This week saw a new bill that is looking to regulate Online Poker in the state of California. This time around sees a group of eight Indian tribes in the Golden State attempt to influence the lawmakers. The bill is limited to online poker and would mean that California would have to abstain from any federal legislation that may possibly be enacted in the future as well as excluding the possibility of interstate and international compacts. The Internet Poker Consumers Protection Act 2013 also mentions a bad actor clause that would rule out any companies from doing business in the state that offered online wagers to residents of California at anytime before the bill may be enacted and would block them permanently.

This is the third bill that has been introduced this year and each attempt has failed to create an agreement between all stakeholders, mainly on issues relating to how the funds created would be divided, and many believe that this attempt will also fail. The only pressure upon California to legislate online poker may be due to the fact that neighboring Nevada has already begun offering it to its residents and although it has not gone as smoothly as planned, there are high hopes for it. With only one poker room open in Nevada at present, this is being seen by many as a field test and there are plenty of already licensed operators waiting in the wings to improve on the offering. Licenses in California may also cause a little debate as the bill states that they may only be awarded to tribal governments and existing cardrooms that would need to have been in business for at least five years and a common launch date for all license holders has been set at January 1 2015, should that in fact be needed.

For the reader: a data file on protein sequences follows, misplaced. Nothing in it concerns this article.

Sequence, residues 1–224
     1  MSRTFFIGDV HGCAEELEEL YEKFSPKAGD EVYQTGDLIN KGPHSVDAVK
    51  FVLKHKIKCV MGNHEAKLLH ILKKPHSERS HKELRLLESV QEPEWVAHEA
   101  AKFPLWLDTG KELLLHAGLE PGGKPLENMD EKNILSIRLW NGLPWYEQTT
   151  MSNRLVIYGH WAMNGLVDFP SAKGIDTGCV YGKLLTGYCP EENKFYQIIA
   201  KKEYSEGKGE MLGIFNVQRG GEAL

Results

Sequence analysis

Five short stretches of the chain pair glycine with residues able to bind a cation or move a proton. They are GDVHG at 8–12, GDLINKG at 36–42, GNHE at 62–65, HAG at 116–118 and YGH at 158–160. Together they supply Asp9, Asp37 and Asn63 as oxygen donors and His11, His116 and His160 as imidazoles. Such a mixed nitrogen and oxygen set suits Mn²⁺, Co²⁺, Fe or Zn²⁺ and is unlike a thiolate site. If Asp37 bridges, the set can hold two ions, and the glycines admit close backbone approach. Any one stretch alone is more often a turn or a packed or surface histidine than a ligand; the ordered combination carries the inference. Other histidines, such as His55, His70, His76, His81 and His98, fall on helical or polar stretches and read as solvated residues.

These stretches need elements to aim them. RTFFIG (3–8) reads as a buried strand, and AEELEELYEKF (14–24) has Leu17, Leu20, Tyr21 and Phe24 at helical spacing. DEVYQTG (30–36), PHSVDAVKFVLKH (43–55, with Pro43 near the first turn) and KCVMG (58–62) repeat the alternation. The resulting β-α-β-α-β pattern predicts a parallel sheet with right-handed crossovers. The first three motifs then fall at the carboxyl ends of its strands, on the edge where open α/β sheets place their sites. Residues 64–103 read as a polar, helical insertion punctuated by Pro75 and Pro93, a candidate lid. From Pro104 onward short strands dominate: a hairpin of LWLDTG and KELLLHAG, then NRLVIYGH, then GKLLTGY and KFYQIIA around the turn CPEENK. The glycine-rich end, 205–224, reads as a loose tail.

Many Californian poker players already play online poker at the many offshore poker rooms available such as BetOnline Poker. Should the state never get to the regulation stage then at least players still have option.